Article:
from West Palm Beach , FL
March 31, 1961 (age 61)
The American composer Jake Heggie has been among the most successful creators of opera on the contemporary American scene, with subject matter including Dead Man Walking, Sister Helen Prejean's book on capital punishment, and the Herman Melville novel Moby Dick. The composer of nine operas, produced on five continents, Heggie has also written choral music, chamber music, songs (more than 300), and orchestral works. Heggie was born in West Palm Beach, Florida, on March 31, 1961, but grew up mostly in Columbus, Ohio. He began writing music after the suicide of his father, a doctor, in 1972. He studied composition at the American College in Paris and at the University of California, Los Angeles, where one of his teachers was Johana Harris (1912-1995), the widow of composer Roy Harris. The two became romantically involved and married in 1982; after Harris' death, Heggie married singer Curt Branom in 2008. Heggie also studied piano, and the two performed as a duo until he began to suffer from focal dystonia. He worked in the field of music public relations at UCLA, the University of California, Berkeley, and the San Francisco Opera; the latter position gave him access to the soprano Frederica von Stade, who performed his Three Folk Songs. San Francisco Opera director Lofti Mansouri suggested that Heggie write an opera. The result was a two-year composer-in-residence position at the Opera and the two-act opera Dead Man Walking (2000), with a libretto by playwright Terrance McNally; Prejean's book had already been made into a film starring Sean Penn, and audiences were familiar with the story. The opera has been given more than 40 productions in various countries. Heggie's other operas include Again (2000), which imagines an abusive relationship between Ricky Ricardo and Lucille Ball; The End of the Affair (2003); At the Statue of Venus (2005); To Hell and Back (2006); For a Look or a Touch (2007, about the persecution of gays during the Holocaust); Three Decembers (2008); Moby Dick (2010, featured in 2012 on the U.S. national television broadcast Great Performances); Music of Remembrance (2006-2013, forming the full-length Out of Darkness, 2016); the chamber opera The Radio Hour (2014); Great Scott (2015, one of several Heggie works where opera itself is the subject), It's a Wonderful Life (2016, based on the Frank Capra film); and If I Were You (2019, based on the Faust legend). Many of the libretti for these works were written by McNally or Gene Scheer. The prolific Heggie has also written many works in other genres; 2014's Ahab Symphony is one of the most widely performed. His orchestral songs Here/After: Songs for Lost Voices, with text by Scheer, appeared in 2013 on the Netherlands' PentaTone label, with mezzo soprano Joyce DiDonato, who has collaborated several times with Heggie. ~ James Manheim, Rovi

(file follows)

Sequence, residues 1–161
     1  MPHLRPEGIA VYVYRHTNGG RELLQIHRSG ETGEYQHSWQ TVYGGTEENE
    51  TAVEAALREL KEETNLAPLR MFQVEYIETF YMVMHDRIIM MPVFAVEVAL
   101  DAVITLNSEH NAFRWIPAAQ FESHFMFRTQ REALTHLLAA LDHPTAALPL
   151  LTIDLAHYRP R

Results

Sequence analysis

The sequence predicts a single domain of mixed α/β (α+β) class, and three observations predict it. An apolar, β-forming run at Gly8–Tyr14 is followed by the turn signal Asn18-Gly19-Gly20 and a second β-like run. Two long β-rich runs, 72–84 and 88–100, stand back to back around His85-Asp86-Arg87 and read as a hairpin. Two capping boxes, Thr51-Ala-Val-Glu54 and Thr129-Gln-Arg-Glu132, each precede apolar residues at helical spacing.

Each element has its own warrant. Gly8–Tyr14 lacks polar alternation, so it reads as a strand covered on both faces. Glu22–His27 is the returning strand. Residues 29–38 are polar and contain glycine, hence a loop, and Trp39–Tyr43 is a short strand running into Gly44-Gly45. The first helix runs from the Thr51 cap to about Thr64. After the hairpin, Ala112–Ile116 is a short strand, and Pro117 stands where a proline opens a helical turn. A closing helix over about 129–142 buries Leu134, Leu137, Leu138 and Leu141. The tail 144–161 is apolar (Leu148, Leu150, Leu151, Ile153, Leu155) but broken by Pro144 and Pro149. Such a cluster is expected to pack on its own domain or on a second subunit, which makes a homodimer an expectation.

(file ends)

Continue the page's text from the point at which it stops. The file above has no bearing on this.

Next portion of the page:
Conversations with Composers: Jake Heggie
Joyce DiDonato sings "Vesuvio, il mio unico amico" – Jake Heggie: Great Scott (The Dallas Opera)
Zachary Gordin: "Everybody Hear That?" from Dead Man Walking - Jake Heggie
Jake Heggie: Composing Moby-Dick
The Work At Hand (The Slow Seconds) - Jamie Barton, Jake Heggie and Matt Haimovitz
Jarrett Ott & Alan Hamilton. “A Hundred Thousand Stars” by Jake Heggie and Gene Scheer
Jake Heggie on the Story of "Moby-Dick"
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